Home https://server7.kproxy.com/servlet/redirect.srv/sruj/smyrwpoii/p2/ US https://server7.kproxy.com/servlet/redirect.srv/sruj/smyrwpoii/p2/ Lawmakers raise concerns over Capitol security as tensions rise over new security measures

Lawmakers raise concerns over Capitol security as tensions rise over new security measures

“I didn’t know if I would make it to the end of the day alive,” Democratic Party spokeswoman Alexandria Ocasio-Cortes of New York told Instagram Live on Tuesday. “It’s no exaggeration to say that many, many members of the House were almost killed.”

But with taking office just a week later, all security efforts have focused on forward planning, giving little room for investigation to look back and understand how security has been compromised and what has gone wrong.

Colorado Republican Lauren Bobert, who previously boasted of wanting to carry a weapon on Capitol Hill and was accused of revealing the whereabouts of speaker Nancy Pelosi during last week̵
7;s attack, is embroiled in a conflict with Capitol police over the newly installed metal detectors when trying to get on the floor on Tuesday night.

“Clearly, metal detectors wouldn’t stop the violence we’ve seen; this political trick does nothing to improve the safety of members of the Capitol complex,” Boeber told CNN after the clash.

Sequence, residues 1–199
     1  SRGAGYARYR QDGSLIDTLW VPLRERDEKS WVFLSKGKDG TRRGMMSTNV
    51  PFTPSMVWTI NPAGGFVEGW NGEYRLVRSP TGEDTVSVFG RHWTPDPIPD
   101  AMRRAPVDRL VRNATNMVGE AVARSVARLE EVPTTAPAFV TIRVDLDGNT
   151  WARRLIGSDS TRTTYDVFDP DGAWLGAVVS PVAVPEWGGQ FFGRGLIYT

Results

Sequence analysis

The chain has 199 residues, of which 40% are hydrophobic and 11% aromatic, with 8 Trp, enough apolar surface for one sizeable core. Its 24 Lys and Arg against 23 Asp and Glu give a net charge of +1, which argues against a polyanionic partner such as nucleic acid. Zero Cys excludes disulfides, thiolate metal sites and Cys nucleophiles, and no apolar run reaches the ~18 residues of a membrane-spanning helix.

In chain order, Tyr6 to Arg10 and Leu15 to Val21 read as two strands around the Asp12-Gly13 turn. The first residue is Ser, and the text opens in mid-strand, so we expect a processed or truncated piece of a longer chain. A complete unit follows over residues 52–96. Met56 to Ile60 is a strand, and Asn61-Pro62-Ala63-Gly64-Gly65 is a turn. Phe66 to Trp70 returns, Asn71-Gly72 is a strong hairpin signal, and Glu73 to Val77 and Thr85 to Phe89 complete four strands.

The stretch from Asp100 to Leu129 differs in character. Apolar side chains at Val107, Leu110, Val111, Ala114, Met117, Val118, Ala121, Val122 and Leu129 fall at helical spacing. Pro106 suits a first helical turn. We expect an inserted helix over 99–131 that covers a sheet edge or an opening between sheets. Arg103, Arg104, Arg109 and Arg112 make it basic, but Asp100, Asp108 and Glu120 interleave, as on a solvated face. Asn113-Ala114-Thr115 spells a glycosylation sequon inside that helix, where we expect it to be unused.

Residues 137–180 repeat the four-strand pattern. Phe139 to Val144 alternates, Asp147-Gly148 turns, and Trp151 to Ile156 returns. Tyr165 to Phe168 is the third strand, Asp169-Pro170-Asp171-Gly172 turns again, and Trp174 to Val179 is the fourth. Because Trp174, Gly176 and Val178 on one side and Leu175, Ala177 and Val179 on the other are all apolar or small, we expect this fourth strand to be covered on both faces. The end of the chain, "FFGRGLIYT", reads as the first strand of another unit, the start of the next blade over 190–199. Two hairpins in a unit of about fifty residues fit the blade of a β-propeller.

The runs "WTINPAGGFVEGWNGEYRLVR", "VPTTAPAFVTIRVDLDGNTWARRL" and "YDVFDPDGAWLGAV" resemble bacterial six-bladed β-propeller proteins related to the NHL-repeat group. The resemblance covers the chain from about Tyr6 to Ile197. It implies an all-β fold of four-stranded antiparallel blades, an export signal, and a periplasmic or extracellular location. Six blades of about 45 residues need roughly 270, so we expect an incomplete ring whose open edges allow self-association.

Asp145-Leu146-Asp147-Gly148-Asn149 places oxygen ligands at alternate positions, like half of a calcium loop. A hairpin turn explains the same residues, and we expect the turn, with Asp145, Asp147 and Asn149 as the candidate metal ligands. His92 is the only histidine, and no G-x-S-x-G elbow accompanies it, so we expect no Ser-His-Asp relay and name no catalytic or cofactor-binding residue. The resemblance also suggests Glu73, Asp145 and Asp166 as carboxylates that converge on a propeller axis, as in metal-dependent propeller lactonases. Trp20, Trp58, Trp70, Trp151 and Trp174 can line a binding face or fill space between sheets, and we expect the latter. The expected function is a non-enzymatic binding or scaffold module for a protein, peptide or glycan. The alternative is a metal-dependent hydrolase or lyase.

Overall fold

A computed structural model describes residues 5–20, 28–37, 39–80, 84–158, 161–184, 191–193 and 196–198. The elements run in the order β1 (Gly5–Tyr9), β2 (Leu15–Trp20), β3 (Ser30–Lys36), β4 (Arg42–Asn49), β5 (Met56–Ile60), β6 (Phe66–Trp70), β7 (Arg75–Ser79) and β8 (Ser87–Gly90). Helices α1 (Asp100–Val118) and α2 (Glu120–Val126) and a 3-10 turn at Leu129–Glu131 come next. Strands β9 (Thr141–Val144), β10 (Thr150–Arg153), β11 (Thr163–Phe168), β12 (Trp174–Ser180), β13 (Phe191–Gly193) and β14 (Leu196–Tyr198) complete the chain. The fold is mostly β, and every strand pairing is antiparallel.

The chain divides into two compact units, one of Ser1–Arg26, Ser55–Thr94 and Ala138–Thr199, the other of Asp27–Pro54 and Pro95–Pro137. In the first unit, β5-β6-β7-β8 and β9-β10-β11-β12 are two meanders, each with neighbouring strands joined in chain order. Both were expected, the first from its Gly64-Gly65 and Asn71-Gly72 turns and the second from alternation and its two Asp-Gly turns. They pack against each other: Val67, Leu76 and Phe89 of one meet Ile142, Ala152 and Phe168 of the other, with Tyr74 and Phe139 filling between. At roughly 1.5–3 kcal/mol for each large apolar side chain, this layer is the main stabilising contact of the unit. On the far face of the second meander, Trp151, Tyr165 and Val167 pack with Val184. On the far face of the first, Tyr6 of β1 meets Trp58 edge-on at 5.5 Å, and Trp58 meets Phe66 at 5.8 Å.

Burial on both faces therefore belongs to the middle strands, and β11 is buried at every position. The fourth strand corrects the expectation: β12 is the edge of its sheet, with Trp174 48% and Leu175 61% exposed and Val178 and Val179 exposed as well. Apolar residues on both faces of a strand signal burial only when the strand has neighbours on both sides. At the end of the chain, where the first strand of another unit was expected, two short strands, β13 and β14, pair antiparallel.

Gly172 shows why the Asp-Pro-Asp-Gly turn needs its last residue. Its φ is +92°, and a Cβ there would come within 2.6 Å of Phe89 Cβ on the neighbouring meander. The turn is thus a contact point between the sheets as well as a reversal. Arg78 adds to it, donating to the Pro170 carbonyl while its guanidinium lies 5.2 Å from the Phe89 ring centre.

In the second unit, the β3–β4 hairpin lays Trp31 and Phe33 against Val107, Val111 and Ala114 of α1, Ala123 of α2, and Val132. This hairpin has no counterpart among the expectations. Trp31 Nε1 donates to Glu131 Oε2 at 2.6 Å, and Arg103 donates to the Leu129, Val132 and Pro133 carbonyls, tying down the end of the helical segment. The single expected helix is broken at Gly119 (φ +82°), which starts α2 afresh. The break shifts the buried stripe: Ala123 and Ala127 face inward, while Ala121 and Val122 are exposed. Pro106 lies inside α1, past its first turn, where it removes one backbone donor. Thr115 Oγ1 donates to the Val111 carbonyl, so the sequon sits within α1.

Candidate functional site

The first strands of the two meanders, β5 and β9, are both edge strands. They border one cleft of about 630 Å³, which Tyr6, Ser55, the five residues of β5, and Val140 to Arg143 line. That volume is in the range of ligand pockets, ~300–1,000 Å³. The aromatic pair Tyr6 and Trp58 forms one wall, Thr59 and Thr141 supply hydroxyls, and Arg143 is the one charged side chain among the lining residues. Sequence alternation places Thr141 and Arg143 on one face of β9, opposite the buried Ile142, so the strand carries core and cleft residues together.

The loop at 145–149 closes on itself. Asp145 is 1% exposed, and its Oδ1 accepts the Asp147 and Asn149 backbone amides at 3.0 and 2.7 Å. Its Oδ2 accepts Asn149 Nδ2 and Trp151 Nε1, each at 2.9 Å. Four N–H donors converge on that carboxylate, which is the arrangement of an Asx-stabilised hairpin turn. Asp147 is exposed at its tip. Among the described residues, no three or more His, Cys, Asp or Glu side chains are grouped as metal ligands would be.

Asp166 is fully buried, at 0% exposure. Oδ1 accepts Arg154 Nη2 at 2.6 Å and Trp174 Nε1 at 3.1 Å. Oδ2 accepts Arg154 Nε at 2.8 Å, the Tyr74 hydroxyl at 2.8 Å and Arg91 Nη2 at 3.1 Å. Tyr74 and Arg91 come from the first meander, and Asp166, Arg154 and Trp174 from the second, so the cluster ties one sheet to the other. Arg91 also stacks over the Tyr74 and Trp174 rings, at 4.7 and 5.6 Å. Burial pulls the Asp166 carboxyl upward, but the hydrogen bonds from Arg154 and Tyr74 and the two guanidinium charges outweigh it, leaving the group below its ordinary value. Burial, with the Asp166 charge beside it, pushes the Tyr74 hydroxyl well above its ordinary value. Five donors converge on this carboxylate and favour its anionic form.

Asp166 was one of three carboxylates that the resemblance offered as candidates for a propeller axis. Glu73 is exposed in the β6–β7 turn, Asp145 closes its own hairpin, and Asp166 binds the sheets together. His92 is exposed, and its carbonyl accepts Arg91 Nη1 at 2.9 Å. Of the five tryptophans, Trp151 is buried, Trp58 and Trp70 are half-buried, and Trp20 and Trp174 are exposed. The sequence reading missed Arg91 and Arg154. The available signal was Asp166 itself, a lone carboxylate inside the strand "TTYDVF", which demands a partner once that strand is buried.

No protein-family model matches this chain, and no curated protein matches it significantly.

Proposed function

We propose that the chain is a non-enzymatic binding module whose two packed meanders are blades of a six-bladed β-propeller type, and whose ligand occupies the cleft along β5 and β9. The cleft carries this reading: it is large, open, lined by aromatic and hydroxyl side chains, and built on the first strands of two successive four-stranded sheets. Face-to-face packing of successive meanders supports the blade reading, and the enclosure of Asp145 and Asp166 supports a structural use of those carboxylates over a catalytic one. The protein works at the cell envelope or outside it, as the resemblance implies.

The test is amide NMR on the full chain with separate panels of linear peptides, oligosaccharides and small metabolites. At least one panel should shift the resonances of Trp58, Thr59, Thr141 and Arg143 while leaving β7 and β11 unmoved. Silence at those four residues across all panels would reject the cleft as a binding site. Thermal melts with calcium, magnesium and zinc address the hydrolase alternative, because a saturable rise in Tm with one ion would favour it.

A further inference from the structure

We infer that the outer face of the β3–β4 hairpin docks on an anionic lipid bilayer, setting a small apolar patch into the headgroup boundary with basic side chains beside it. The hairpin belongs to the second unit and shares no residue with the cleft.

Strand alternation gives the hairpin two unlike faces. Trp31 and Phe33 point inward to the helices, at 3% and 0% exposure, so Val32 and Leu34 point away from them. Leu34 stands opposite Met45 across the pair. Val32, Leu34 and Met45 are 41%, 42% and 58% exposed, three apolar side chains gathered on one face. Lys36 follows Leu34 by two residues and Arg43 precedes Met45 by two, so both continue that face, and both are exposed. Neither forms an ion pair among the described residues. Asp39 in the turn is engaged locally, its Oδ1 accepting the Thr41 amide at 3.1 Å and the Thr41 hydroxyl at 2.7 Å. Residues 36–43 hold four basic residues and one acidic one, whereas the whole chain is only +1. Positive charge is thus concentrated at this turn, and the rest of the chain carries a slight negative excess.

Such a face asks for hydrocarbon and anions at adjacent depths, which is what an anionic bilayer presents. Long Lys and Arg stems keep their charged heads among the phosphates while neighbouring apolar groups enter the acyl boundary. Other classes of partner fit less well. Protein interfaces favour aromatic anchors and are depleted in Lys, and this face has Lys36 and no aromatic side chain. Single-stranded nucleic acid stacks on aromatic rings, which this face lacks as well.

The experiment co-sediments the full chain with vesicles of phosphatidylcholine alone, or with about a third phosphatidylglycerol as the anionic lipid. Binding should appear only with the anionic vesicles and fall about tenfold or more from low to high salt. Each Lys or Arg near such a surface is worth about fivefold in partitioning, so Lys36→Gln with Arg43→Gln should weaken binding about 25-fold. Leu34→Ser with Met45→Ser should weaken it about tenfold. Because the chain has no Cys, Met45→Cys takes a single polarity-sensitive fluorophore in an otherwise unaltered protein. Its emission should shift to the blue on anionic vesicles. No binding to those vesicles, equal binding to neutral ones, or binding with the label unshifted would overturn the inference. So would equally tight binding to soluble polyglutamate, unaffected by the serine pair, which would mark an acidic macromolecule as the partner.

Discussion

A Democratic MP facing an airport of Trump supporters

GOP officials Marquain Mullin of Oklahoma and Steve Womak of Arkansas shouted at Capitol police as they were forced to go through metal detectors. Womak shouted, “I was physically restrained,” and Moulin said, “This is my constitutional right,” to pass, and “they can’t stop me.”

On Wednesday, Pelosi proposed a new rule imposing severe fines on members who refuse to comply with new security rules. The fines – which will be deducted from members’ salaries – will be $ 5,000 for the first violation and $ 10,000 for the second violation.

“It is tragic that this step is necessary, but the Chamber of the People’s House must and will be safe,” Pelosi said in a statement.

But even some Democrats were unhappy with the extra security because it led to longer queues and members were forced to be six feet apart.

“I’m more likely to die from Kovid because I got it from a colleague than to die because a colleague shot me,” spokesman Philemon Vela, a Texas Democrat, told CNN.

Distrust in security

Although the work of Capitol police and law enforcement has been vital to removing the threat against the Capitol, videos of MAGA hats and rebel selfies have raised deeper concerns about police sanctity.

“There were such acts of heroism, but there were also attacks of betrayal,” Ocasio-Cortes said. “And running for the country’s Capitol and not knowing if an employee is there to help or hurt you is also quite traumatic.”

Democratic spokesman Andre Carson of Indiana also shared how law enforcement failed because he had to learn through the press in court that he was the target of a man accused of carrying bombs and arsenals in the Capitol last week. Prosecutors found Carson’s name in a handwritten note held by Lonnie Leroy Coffman, whose truck was parked near the Capitol for hours last Wednesday and contained weapons and bombs. “One of the two Muslims in the House of Representatives” was written next to Carson’s name. Carson is a Muslim.